When you deploy high availability (HA) pairs with Data Node appliances, install, deploy, and rebalance data with the HA appliances before you synchronize the HA pair. The combined effect of the data rebalancing and the replication process that is utilized for HA results in significant performance degradation. If HA is set up on appliances to which Data Nodes are being introduced, then disconnect HA on the appliances and then reconnect it when the rebalance of the cluster is complete.

  • Decommissioning Data Nodes-- Use the System and License Management window to remove Data Nodes from your deployment, as with any other JSA appliance. Decommissioning does not erase data on the host, nor does it move the data to your other appliances. If you need to retain access to the data that was on the Data Nodes, you must identify a location to move that data to.

  • Data Rebalancing-- Adding a Data Node to a cluster distributes data to each Data Node. If it is possible, data rebalancing tries to maintain the same percentage of available space on each Data Node. New Data Nodes added to a cluster initiate more rebalancing from cluster event and flow processors to achieve efficient disk usage on the newly added Data Node appliances.

    Starting with JSA 2014.5, data rebalancing is automatic and concurrent with other cluster activity, such as queries and data collection. No downtime is experienced during data rebalancing.

    Data Nodes offer no performance improvement in the cluster until data rebalancing is complete. Rebalancing can cause minor performance degradation during search operations, but data collection and processing continue unaffected.


    Encrypted data transmission between Data Nodes and Event Processors is not supported.

  • Management and Operations-- Data Nodes are self-managed and require no regular user intervention to maintain normal operation. JSA manages activities, such as data backups, high availability, and retention policies, for all hosts, including Data Node appliances.

  • Data Node failure-- If a Data Node fails, the remaining members of the cluster continue to process data.

    When the failed Data Node returns to service, data rebalancing can occur to maintain proper data distribution in the cluster, and then normal processing resumes. During the downtime, data on the failed Data Node is unavailable, and I/O errors that occur appear in search results from the log and network activity viewers in the JSA user interface.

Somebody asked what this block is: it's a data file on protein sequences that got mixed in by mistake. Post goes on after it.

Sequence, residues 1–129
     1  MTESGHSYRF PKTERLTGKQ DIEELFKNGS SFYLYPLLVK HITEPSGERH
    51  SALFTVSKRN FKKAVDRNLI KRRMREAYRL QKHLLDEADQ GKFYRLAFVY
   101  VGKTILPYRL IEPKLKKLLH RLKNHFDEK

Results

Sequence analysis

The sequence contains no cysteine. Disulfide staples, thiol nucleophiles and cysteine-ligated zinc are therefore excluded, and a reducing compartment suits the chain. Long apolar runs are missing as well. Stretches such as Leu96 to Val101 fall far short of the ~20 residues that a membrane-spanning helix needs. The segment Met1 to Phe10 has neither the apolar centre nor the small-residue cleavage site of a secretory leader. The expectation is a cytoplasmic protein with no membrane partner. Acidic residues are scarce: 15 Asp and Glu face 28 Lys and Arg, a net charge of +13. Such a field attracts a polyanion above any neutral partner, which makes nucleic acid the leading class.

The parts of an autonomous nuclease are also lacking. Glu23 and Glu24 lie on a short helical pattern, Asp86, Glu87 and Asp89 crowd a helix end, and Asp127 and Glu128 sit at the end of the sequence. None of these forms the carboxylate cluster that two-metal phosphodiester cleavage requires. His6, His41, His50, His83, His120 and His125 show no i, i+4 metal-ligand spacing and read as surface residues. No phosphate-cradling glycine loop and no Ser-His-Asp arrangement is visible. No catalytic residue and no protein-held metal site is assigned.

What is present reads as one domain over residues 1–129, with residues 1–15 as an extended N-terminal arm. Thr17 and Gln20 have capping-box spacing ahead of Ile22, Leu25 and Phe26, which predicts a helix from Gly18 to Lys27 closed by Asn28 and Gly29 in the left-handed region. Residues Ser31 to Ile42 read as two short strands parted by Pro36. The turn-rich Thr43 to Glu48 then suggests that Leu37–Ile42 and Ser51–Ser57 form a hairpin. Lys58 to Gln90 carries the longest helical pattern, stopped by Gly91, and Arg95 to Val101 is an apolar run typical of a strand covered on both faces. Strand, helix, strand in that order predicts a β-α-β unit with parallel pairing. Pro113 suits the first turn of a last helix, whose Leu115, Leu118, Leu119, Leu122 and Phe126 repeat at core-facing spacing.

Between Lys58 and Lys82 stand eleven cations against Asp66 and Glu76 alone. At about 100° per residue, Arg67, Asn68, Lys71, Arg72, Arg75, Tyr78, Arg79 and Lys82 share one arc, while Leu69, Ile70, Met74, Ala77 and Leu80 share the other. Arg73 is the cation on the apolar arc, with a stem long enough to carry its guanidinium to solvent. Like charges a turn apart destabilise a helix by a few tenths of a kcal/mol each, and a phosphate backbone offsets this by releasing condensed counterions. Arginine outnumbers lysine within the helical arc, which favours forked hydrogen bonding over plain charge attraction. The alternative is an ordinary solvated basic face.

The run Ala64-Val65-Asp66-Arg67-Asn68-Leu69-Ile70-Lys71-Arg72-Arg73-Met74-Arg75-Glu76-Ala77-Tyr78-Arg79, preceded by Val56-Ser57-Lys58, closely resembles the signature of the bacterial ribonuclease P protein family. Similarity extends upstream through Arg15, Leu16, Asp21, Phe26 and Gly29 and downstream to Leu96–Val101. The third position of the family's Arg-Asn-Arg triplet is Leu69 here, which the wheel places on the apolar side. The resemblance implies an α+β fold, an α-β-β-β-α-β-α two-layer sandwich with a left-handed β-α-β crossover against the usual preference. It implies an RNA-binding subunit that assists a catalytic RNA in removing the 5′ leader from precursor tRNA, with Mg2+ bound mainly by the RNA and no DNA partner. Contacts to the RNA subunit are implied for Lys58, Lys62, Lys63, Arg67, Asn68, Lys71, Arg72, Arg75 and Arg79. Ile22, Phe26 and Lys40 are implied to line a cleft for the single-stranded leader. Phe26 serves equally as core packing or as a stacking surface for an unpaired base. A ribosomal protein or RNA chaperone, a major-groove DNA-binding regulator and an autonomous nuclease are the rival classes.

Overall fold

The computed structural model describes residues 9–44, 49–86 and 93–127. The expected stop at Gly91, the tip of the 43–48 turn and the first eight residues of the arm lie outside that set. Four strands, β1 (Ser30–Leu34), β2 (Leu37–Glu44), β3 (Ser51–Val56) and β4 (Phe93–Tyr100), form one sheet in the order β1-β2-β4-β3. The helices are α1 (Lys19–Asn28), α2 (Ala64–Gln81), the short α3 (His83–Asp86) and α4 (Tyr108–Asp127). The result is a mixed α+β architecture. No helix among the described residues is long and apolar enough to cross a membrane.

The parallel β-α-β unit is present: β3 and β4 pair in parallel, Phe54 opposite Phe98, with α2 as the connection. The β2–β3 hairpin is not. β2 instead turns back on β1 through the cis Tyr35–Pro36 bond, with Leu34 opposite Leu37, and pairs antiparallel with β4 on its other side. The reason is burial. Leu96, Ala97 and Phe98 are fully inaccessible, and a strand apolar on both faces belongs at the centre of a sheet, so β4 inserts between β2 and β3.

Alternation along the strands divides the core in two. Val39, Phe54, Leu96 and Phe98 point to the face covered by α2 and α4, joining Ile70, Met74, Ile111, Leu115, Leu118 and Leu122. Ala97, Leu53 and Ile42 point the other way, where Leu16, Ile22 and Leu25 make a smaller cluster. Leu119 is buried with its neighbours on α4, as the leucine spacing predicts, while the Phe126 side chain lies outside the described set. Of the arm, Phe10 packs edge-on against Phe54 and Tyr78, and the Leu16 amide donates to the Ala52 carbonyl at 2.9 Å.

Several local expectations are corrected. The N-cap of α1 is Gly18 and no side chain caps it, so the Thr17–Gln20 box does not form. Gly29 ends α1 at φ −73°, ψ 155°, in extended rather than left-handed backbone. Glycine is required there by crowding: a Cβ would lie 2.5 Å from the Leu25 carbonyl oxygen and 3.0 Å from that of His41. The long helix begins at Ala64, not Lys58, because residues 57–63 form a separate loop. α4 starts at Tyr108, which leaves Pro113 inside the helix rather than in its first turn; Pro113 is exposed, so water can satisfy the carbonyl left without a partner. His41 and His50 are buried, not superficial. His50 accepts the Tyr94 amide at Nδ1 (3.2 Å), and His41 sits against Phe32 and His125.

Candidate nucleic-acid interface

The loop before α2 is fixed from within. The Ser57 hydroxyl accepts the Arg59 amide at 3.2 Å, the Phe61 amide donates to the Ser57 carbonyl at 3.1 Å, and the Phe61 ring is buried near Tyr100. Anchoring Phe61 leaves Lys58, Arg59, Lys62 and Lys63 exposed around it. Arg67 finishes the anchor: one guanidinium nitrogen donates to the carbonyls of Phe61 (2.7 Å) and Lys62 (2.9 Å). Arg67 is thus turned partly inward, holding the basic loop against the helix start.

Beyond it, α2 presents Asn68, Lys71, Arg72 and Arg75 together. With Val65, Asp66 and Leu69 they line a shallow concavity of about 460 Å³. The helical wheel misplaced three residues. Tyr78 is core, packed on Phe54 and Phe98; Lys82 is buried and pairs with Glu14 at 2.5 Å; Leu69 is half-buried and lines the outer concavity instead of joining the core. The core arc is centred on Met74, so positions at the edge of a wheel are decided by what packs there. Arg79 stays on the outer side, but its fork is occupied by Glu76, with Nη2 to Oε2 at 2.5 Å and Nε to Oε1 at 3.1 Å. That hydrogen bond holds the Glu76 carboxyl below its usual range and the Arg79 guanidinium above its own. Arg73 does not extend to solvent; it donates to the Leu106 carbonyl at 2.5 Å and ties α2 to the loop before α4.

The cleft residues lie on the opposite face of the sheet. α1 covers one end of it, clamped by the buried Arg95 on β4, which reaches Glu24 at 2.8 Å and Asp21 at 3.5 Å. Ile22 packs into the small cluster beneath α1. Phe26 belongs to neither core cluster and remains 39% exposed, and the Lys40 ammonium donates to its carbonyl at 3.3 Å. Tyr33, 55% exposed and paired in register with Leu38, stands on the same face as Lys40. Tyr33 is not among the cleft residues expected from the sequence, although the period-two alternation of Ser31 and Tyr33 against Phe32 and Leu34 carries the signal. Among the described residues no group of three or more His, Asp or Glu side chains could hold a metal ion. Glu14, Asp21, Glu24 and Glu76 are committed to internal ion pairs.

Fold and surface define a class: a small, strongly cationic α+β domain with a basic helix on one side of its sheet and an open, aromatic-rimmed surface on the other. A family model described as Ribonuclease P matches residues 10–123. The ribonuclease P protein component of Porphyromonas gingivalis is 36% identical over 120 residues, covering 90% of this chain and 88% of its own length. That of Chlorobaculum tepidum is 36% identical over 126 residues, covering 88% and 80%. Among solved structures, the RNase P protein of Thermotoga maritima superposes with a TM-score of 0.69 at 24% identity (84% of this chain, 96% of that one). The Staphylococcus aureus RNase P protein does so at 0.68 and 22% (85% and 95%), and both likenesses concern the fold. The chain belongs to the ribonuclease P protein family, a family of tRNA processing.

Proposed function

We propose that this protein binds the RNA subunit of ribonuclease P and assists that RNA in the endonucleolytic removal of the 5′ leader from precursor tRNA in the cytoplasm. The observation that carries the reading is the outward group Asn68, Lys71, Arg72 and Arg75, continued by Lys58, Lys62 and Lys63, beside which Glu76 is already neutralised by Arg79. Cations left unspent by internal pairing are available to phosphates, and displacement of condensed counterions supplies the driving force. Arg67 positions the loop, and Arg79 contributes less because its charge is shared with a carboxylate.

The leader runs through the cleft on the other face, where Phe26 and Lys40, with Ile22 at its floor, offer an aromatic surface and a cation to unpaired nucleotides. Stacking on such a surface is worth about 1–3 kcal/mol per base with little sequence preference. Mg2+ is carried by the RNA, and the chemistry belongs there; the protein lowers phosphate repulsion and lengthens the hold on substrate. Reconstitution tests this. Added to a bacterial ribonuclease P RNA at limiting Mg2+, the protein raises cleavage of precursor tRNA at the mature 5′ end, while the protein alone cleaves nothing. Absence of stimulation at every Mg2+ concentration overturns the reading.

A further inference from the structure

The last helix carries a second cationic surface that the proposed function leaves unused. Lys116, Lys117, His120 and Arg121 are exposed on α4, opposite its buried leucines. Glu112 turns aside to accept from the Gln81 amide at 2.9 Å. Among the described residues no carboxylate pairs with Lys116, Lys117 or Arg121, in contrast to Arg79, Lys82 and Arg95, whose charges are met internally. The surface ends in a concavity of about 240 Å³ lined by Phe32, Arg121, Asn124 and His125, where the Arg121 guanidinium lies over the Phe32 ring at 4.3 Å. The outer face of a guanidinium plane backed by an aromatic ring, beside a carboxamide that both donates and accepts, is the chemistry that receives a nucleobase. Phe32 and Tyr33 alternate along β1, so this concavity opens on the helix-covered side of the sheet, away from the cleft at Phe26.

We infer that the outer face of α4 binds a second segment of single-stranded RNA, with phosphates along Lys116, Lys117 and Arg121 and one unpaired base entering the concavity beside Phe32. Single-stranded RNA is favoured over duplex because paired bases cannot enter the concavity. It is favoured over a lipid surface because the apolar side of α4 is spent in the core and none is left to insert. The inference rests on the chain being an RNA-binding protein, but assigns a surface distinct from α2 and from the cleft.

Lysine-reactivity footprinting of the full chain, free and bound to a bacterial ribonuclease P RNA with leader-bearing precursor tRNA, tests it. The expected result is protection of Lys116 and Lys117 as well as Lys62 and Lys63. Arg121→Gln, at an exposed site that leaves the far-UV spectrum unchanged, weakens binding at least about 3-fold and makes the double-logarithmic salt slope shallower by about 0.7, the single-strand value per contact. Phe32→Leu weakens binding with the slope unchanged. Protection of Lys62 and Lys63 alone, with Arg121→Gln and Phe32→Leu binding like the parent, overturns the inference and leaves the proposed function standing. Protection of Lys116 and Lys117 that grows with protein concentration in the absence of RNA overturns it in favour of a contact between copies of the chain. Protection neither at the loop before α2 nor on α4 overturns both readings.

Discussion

For catastrophic failures that require appliance replacement or the reinstallation of JSA, decommission Data Nodes from the deployment and replace them using standard installation steps. Copy any data that is not lost in the failure to the new Data Node before you deploy. The rebalancing algorithm accounts for data that exists on a Data Node, and shuffles only data that was collected during the failure.

    For Data Nodes deployed with an HA pair, a hardware failure causes a failover, and operations continue to function normally.

SAN Overview

To increase the amount of storage space on your appliance, you can move a portion of your data to an offboard storage device. You can move your /store, /store/ariel, or /store/backup file systems.

Multiple methods are available for adding external storage, including iSCSI, and NFS (Network File System). You must use iSCSI to store data that is accessible and searchable in the UI, such as the /store/ariel directory, and reserve the use of NFS for data backups only.

Moving the /store file system to an external device might affect JSA performance.

After migration, all data I/O to the /store file system is no longer done on the local disk. Before you move your JSA data to an external storage device, you must consider the following information:

  • Searches that are marked as saved are also in the /transient directory. If you experience a local disk failure, these searches are not saved.

  • A transient partition that exists before you move your data is likely to remain in existence after the move, and it can be mounted on an iSCSI storage mount.

For more information about offboard storage, see the Juniper Secure Analytics Configuring Offboard Storage Guide.